Yes, you don’t go into these movies expecting the most groundbreaking plot in the world. But I kept wondering if they were throwing ideas at the wall to through a story together that forgot to bring an emotional side to it all that tries too hard to be like a testosterone soap opera. A lot was going on where it almost appears messy when the lack of tension was apparent. Bringing Dom and Mia’s brother into the mix sounds out of leftfield until this movie since I can’t recall Jakob ever being mentioned in the previous films before, so it’s like they pretend he’s the black sheep of the Toretto family. Remember that dramatic monologue in the original when Dom talked about how his dad died on the racetrack, leaving his life a quarter-mile at a time? We basically have ourselves the backstory of our protagonist and how the beef between him and his brother came about through flashbacks with Vinnie Bennett and Finn Cole as younger versions of Dom and Jakob. Those flashbacks throughout could’ve been its own movie. Does this tell us about the importance of family? What Fast & Furious movie hasn’t? Out of all the recent movies, this was probably the least funniest yet where I only caught myself chuckling once, and the usual banter between Roman and Tej didn’t work this time.
Even when this was the movie to bring back one of the most popular characters, Han Lue (Sung Kang), great as it was to see him again because he’s cool, the explanation of how he survived his car crash in Tokyo was something I couldn’t buy into or there wasn’t enough time to understand it when there’s something serious about to go down afterward.
But how’s the action, you may ask yourself? The past movies clarified that it’s possible to suspend disbelief with the absurd, yet entertaining moments they’re capable of pulling off. They’re fun in all that’ll be the most pleasing to hardcore fans, but it was only a matter of time when it gets too over-the-top. I finally had to sit back and find what I witnessed realistic, accepting the fact it’s impossible to find these moments would happen in real life. Sure, this is the same franchise that took down an airplane and had a car crash through skyscrapers, but the logic in F9 is nonexistent. I still think the “Zombie Cars” scene in The Fate of the Furious (which doesn’t hold up upon a recent re-watch) is still the silliest moment out of these; though not only does this have car chases involving flipping and magnets to up the momentum to the max, this also come to the point of questioning if these characters are just invisible to everything that has happened to them since these scenarios are on the level of a cartoon. The opening act was thoroughly enjoyable, especially when the team goes through a minefield in a jungle. Even Roman brought it up and how they’re able to survive these dangerous missions, thinking they might be “invincible” with Tej thinking they’re just lucky. At this point, that’s self-aware enough to call it out.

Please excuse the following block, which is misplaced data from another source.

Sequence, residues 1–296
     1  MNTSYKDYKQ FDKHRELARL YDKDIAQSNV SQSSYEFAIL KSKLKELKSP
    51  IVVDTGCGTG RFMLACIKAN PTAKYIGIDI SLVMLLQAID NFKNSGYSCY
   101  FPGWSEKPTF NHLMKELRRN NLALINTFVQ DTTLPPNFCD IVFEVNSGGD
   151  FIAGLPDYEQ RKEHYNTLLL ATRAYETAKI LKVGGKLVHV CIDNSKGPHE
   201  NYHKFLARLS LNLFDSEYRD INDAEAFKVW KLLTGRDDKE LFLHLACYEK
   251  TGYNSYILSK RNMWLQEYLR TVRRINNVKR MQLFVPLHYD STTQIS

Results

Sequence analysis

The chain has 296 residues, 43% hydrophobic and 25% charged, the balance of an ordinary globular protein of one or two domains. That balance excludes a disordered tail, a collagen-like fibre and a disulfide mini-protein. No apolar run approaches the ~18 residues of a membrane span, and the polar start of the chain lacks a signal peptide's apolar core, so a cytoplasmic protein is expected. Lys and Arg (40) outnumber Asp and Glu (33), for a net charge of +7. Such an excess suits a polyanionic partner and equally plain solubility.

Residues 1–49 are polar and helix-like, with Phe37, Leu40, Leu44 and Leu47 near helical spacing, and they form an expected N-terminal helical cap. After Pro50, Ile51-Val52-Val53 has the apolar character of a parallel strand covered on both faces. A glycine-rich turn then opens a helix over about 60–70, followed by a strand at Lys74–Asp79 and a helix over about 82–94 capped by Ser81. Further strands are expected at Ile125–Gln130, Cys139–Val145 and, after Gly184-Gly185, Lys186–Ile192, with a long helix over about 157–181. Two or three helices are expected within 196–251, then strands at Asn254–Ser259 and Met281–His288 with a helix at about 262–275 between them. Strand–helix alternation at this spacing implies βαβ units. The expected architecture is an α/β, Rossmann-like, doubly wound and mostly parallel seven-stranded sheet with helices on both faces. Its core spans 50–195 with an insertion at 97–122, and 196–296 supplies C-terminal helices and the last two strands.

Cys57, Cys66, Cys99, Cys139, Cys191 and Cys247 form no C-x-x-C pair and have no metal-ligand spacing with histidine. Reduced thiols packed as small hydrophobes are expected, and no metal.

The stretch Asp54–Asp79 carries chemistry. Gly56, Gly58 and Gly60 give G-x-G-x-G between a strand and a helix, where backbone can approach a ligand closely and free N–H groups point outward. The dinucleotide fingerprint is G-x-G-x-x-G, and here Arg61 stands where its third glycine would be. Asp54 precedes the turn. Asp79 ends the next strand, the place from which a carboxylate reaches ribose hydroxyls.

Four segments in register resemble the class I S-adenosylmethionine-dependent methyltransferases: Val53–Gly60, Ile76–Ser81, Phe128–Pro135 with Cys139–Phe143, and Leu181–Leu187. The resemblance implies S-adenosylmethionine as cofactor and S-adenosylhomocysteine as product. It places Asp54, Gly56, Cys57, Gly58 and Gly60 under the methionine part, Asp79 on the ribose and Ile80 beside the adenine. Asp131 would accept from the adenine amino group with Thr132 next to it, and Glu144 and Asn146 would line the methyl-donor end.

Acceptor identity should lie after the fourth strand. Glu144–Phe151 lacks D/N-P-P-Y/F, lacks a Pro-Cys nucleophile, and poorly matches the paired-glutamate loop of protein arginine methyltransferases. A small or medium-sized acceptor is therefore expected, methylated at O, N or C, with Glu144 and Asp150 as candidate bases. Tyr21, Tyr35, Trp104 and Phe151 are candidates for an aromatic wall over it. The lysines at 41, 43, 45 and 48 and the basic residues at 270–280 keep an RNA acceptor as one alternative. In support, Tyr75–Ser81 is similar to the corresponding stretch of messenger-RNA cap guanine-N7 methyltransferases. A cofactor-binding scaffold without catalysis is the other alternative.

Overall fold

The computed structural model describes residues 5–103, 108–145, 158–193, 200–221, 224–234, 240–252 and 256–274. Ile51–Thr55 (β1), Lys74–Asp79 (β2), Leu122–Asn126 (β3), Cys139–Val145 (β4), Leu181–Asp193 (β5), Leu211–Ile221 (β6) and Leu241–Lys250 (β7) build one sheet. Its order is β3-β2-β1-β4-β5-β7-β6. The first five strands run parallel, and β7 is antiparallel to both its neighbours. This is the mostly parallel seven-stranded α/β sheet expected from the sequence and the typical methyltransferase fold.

Right when it reaches the third act, that was when I could’ve believed they had the audacity to take it to that level of going into… outer space (yes) after joking about it for many years. Nothing wrong with rocket cars, but space? Right there is [ure insanity. They did it, and I honestly didn’t know how to feel when all I could think of is they managed to take me out of the movie and wonder how they can go from there later on. Who knows? I can’t say it holds many surprises when you already know what’s going to happen, and that’s not because the last trailer doesn’t shy away at showing it.
Even though F9 didn’t leave me leaving the theater with excitement that’s eventually become a forgettable sequel, there’s no denying longtime fans are going to be entertained, not thinking about how it’s not taking itself seriously. Maybe this could lie out as a “guilty pleasure” in the future that requires me to turn off my brain. This was the first Thursday night showing I’ve been to at the movies, and it’s had the largest crowd in who knows how long. People are going to consider this one of the best or even the worst. For me, all the mixed feelings gathered in my mind puts this is somewhere near the middle, but it’s one I wished it was a lot better. I’m still down to see where the next two movies since I’ve been a part of the franchise for so long, as long as Lin stays on and has to show signs of change.
Final Thoughts: F9 goes all out as the summer blockbuster it gained to be. But this is one of the more disappointing installments yet in the saga. Though it was a nice return for director Justin Lin in still caring for what he brought, the weak script combined with the unbelievably stupid action sequences makes the entire experience the weakest sequel in the past decade.
Side Note: I saw it IMAX just so I could watch the five-minute preview of the upcoming Jurassic World: Dominion, which comes out a year from now. I’m pretty sure I was one of the few people in my theater who knew they were going to show it, and I assure you some thought it was part of the movie. The footage that was shown looks impressive when it showed the dinosaurs roaming the Earth, with no dialogue. While I’m still hesitant with how the sequel plays out, all I’m hoping for is for this to be an improvement over the worst entry in the Jurassic Park franchise, Fallen Kingdom.